If you build it, they will come. Studies prove that to be true. But how do you pay for it?
That’s the question officials are asking at San Diego City Hall as they pursue their dream of increasing the size of the San Diego Convention Center by a third to lure bigger conventions now lost to competing cities.
A few of the pieces are beginning to snap into place, but completion of this very complex and very expensive jigsaw puzzle is years away.
Mayor Jerry Sanders unveiled a tentative financing plan on May 12 to fund the $550 million expansion of the cavernous San Diego Convention Center, a plan that would tax city hotels 1 percent to 3 percent to generate as much as $30 million a year to repay the bonds needed to undertake the project.
The mayor’s proposal would create a hotel taxing district within the city limits, which would allow the city to assess 3 percent to a guest’s nightly bill for hotels closest to the center.
Stays at hotels farther away from downtown, such as in Mission Bay, would be taxed 2 percent, while stays at hotels still farther out, such as Rancho Bernardo, would be taxed 1 percent.
The added taxes would increase the top room tax to 15.5 percent from the current maximum rate of 12.5 percent.
A Regional Treasure
“This (center) is the goose that lays golden eggs for the city, indeed for the entire region,” said Darren Pudgil, a spokesman for the mayor. “It would give us the largest contiguous convention center space on the West Coast.”
“The expansion would add about $16 million in hotel tax revenues to the city every year that we use for police and fire, and produce about $121 million in new hotel room sales each year,” he said.
Since the proposal only covers 75 percent of the financing required, Sanders is relying on politico-without-portfolio expert Steve Cushman to come up with the other 25 percent of the cash needed to pay bonds sold to pay for construction.
Sanders and Cushman met with 30 hoteliers earlier this month to vet the plan, and Cushman said the two got a favorable reception.
“We gave them a progress report about where we are at this time, and they listened,” he said.
He said hoteliers are concerned that they’re saddled with too much of the bills.
But Cushman told them he’s thinking of having bars and restaurants in the Gaslamp Quarter participate — with an annual contribution from city’s redevelopment agency and the Port of San Diego.
He’s also talking with area retailers, including the 130 operating at the five-level Westfield Horton Plaza shopping mall in the Gaslamp for a possible local retail sales tax.
“More than 50 percent of the retail sales derive from out-of-state visitors,” Cushman said. “It’s a potential source of revenue for the project.”
He’s even considered “flag tax” on taxis to add to the monies that are needed.
“Everyone who benefits from this project needs to participate,” Cushman said. “I am giving everyone involved in the project a place to stay in the tent.”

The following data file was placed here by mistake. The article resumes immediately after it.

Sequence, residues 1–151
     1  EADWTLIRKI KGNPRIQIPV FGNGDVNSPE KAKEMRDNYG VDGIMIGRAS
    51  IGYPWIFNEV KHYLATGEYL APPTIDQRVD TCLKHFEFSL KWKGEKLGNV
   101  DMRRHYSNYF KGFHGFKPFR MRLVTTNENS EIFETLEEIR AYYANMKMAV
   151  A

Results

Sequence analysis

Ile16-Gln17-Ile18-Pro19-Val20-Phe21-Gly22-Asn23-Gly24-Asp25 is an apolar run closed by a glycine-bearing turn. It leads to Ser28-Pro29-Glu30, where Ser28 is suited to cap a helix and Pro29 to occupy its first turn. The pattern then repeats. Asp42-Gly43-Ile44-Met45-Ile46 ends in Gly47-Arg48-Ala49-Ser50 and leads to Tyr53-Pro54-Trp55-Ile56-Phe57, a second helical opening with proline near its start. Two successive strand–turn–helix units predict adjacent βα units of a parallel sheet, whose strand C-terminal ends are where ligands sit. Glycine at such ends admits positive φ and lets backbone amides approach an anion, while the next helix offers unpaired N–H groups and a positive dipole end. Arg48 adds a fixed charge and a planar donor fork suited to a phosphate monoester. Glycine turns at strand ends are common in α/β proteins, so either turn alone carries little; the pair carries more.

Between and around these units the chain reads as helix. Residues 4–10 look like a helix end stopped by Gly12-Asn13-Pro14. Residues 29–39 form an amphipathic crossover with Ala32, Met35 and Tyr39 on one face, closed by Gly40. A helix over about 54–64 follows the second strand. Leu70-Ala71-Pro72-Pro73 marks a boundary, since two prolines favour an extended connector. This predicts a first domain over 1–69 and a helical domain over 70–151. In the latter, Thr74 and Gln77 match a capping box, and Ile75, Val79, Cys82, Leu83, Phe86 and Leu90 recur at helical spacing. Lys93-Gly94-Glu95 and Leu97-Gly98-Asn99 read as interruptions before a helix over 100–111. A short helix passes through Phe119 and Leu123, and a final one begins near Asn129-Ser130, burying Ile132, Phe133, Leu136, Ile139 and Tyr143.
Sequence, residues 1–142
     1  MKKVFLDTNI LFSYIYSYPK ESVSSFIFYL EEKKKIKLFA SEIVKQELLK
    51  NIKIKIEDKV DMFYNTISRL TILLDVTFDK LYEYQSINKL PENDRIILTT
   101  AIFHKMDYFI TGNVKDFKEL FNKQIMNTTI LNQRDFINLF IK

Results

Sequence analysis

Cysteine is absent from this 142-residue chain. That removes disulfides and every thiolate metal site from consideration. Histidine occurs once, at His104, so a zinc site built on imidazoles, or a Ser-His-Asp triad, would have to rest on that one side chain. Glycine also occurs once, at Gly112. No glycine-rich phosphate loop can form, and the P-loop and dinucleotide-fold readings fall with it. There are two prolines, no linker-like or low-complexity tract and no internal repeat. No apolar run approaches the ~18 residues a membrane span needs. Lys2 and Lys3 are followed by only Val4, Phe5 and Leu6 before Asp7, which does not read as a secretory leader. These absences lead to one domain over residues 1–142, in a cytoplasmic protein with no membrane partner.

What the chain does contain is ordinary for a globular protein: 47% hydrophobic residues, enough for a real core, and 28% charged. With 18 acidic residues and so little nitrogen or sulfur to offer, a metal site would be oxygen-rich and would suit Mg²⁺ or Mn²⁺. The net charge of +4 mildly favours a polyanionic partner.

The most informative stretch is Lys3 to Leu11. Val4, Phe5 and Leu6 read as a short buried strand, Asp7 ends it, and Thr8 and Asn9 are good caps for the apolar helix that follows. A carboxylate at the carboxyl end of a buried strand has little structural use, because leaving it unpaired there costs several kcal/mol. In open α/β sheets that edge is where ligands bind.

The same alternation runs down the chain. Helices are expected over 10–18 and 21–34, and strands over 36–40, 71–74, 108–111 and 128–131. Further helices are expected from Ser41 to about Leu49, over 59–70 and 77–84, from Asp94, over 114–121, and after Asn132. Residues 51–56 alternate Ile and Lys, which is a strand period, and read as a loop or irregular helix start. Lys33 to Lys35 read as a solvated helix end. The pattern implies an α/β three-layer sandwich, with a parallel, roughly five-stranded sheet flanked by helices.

Before that happens, however, he’ll have to weave his way through the labyrinth that is Proposition 26, which requires a two-thirds, or supermajority, vote for new taxes or fees.
He and other proponents argue a public vote won’t be necessary, because the hotel assessment falls within one of six exemptions allowed under the new ballot initiative, passed by California voters.
Some proponents are fearful because voters twice rejected room tax increases in 2004.
Cushman also said he’s concerned about Gov. Jerry Brown’s efforts to eliminate city redevelopment agencies, which could torpedo the expansion.
“We just don’t know what’s going to happen,” Cushman said. “It’s anybody’s guess as to what’s going to happen.”
The expansion would add more than 400,000 square feet of useable space, increasing the size of the bay front exhibit hall to 750,000 square feet of contiguous space.
Construction would include a 5-acre waterfront park to give local residents access to San Diego Bay.
Like most other advocates, Cushman says San Diego turns away a year’s worth of meetings annually due to the lack of space, and the city often loses out to rival halls in Los Angeles, Orange County and San Francisco.
The organizers of Comic-Con International, the giant convention held each summer in San Diego, toyed with the idea of moving to Anaheim or Los Angeles, where facilities are larger.
East County-based Comic-Con capped attendance at 125,000 several years ago.
Pudgil says the expansion would ensure that Comic-Con remains here where it started in the 1970s.
“They have essentially run out of space,” he said. “So, we could get not only more conventions, but larger conventions, and it would, of course, bode well for our attempts to lock in Comic-Con long-term.”
Meanwhile hotel industry expert Bob Rauch, owner of two hotels in the Del Mar area who also manages the El Cordova Hotel in Coronado, says his fellow hoteliers are taking a wait-and-see approach to the mayor’s plan.
He said hotel owners and operators, especially those farther away from the center, are concerned about the added costs that they would incur; they’re also concerned that the city didn’t consider a taxing district to include other cities, such as Coronado.
“They are concerned about what they are going to get out of this,” Rauch said. “It’s going to take a tough sell,” he said. “Somehow those that share in the benefits also have to participate,” he said, noting that the Hotel del Coronado is prime beneficiary of the convention center.
Still, he said that he was encouraged, and thinks that the details of the financing can be ironed out in favor of hoteliers to nail down their support.
“They have to sell it to everyone involved, but they have done a remarkable job of keeping it alive during a tough economic period,” Rauch said. “But there is still a lot of work that needs to be done. It’s a work in progress.”
Tom York is a contributing editor for the San Diego Business Journal.